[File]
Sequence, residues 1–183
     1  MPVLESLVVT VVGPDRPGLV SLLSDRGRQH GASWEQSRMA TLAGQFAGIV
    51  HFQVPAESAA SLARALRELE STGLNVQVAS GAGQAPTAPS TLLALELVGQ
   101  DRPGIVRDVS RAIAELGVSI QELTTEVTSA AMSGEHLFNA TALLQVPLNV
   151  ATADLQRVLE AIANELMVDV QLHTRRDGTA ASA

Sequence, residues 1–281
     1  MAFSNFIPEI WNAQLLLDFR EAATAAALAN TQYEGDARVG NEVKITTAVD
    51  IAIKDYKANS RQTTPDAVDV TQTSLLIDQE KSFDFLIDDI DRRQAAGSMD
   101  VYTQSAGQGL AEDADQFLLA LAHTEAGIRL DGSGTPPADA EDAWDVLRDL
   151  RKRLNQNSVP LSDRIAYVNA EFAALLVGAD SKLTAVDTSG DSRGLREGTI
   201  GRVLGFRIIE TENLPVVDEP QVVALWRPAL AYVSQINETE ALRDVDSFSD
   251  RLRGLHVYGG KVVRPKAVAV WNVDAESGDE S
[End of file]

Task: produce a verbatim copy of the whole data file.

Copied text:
Sequence, residues 1–183
     1  MPVLESLVVT VVGPDRPGLV SLLSDRGRQH GASWEQSRMA TLAGQFAGIV
    51  HFQVPAESAA SLARALRELE STGLNVQVAS GAGQAPTAPS TLLALELVGQ
   101  DRPGIVRDVS RAIAELGVSI QELTTEVTSA AMSGEHLFNA TALLQVPLNV
   151  ATADLQRVLE AIANELMVDV QLHTRRDGTA ASA

Sequence, residues 1–281
     1  MAFSNFIPEI WNAQLLLDFR EAATAAALAN TQYEGDARVG NEVKITTAVD
    51  IAIKDYKANS RQTTPDAVDV TQTSLLIDQE KSFDFLIDDI DRRQAAGSMD
   101  VYTQSAGQGL AEDADQFLLA LAHTEAGIRL DGSGTPPADA EDAWDVLRDL
   151  RKRLNQNSVP LSDRIAYVNA EFAALLVGAD SKLTAVDTSG DSRGLREGTI
   201  GRVLGFRIIE TENLPVVDEP QVVALWRPAL AYVSQINETE ALRDVDSFSD
   251  RLRGLHVYGG KVVRPKAVAV WNVDAESGDE S